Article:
Go to navigation (press enter key)

Courses

The following information is from the 2018-19 Vassar College Catalogue.

Physics: I. Introductory

100 Physics in Motion 1

Motion is much of what physics is about and motion can be seen all around us. Recent technological advances in digital video and computers allow many motions to be filmed, analyzed and studied. We begin by filming a variety of objects in motion and uncover the physics inside. In the second half of the semester groups focus on topics (of their choice) of interest to K-12 students. Each group produces a DVD, incorporating video, text, and other media into the project to help explain the physics behind the scenes. The DVD project is presented in local K-12 schools as a final exercise. Cindy Schwarz.

Not open to students who have taken PHYS 113, or received AP credit for PHYS 113.

Not offered in 2018/19.

105 20th Century Revolutions in Physics 1

(Same as STS 105) Lord Kelvin, one of the most distinguished physicists of the 19th century, is famous for his 1900 proclamation: "There is nothing new to be discovered in physics now." In the fall of that same year Max Planck provided the spark that would become the revolutionary fire from which a new physics was born. The multiple revolutions in physics that proceeded Kelvin's proclamation are the subject of this class. We examine the developments of Quantum Theory, Special and General Theories of Relativity, and Modern Cosmology studying each in its proper historical context. From both primary and secondary sources we learn the basic concepts that became the fabric of today's physics. Along the way, we are sure to unearth both the undeniable impacts these discoveries have had on society and the contingency surrounding the nature of these scientific revolutions. José Perillán.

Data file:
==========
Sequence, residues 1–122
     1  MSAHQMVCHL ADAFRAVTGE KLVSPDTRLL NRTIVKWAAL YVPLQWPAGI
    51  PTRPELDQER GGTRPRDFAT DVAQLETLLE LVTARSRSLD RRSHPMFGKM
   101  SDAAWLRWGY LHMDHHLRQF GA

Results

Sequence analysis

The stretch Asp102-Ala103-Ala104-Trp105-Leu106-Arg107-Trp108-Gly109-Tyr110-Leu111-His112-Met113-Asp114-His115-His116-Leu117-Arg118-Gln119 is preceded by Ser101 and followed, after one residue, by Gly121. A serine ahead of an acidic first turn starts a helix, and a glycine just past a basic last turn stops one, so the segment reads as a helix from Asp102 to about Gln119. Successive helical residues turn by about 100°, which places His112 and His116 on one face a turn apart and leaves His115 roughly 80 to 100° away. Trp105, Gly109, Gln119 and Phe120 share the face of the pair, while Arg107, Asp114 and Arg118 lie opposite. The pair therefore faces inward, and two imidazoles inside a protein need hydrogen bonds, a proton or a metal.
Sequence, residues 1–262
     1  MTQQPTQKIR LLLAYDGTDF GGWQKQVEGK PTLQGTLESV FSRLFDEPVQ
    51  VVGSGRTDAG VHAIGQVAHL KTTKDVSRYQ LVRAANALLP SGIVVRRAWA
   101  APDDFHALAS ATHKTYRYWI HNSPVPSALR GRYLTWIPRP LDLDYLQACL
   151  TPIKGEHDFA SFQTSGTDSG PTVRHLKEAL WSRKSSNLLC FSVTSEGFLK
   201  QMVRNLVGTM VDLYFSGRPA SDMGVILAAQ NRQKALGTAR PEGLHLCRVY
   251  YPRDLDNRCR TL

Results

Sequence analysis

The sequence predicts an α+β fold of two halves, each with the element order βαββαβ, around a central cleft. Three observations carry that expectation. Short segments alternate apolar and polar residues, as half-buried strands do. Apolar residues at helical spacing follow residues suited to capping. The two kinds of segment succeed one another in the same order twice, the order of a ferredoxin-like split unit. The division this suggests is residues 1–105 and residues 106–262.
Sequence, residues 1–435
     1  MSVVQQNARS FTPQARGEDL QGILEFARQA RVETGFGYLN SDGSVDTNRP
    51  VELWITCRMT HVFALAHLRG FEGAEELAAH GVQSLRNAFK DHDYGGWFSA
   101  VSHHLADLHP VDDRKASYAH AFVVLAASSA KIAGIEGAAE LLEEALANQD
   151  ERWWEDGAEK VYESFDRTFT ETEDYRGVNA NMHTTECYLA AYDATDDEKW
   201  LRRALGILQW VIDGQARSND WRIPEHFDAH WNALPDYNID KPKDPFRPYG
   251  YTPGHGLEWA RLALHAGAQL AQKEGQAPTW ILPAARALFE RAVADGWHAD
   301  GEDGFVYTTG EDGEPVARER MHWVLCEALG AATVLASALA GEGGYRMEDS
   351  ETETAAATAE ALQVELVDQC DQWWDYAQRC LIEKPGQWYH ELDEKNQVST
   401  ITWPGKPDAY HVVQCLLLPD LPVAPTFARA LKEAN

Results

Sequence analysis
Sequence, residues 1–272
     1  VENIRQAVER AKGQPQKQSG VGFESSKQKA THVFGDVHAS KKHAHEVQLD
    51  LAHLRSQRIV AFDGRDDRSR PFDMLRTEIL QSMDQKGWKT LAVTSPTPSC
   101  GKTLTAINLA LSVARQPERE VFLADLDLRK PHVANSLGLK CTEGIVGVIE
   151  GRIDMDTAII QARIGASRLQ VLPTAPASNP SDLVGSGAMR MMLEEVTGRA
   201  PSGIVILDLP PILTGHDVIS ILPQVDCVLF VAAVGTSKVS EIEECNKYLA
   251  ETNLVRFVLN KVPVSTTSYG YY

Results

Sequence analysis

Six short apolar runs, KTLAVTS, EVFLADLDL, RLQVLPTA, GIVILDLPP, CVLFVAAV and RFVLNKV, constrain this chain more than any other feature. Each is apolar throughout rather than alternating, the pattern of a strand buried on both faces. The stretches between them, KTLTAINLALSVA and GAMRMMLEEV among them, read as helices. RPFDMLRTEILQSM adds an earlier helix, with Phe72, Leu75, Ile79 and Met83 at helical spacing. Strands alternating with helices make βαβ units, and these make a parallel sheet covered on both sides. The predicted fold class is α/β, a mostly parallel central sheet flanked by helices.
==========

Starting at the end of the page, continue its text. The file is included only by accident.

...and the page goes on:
Not offered in 2018/19.

Two 75-minute periods.

110 Science of Sound 1

An exploration of the basic nature of sound, including the transmission and reception of sound, pitch, quality (timbre), loudness, musical intervals, musical instruments, building acoustics, and modern research in sound and acoustics. These topics are covered through a combination of lecture, group discussion, and hands-on investigation. There are no science prerequisites for this course, except a willingness to explore physics fundamentals through the lens of acoustics. 

Not offered in 2018/19.

113 Fundamentals of Physics I 0 or 1Semester Offered: Fall

An introduction to the basic concepts of physics with emphasis on mechanics. Recommended for potential majors in physics and other physical sciences. The department.

Corequisite: MATH 121 or equivalent.

Three 50-minute periods or two 75-minute periods; one 3-hour laboratory.

114 Fundamentals of Physics II 0 to 1Semester Offered: Spring

Fundamentals of electricity, magnetism, and optics. Recommended for potential majors in physics and other physical sciences. The Department.

Prerequisite(s): PHYS 113, AP Physics C credit, or equivalent college level course and MATH 121 or equivalent.

Three 50-minute periods or two 75-minute periods; one 3-hour laboratory.

115 Topics in Classical Physics 1

This course covers topics typically left out of the physics AP curriculum and reinforces the use of calculus in mechanics and electricity and magnetism. Part of the course will be devoted to current research and applications of physics. Topics may include, nanotechnology, lasers, materials science, particle and nuclear physics in medicine, biophysics, geophysics, environmental physics and astrophysics.

Not all topics are taught in a specific year. Only open to first-year students and sophomores with AP B credit or AP C credit for Mechanics and Electricity and Magnetism, IB credit, or special permission.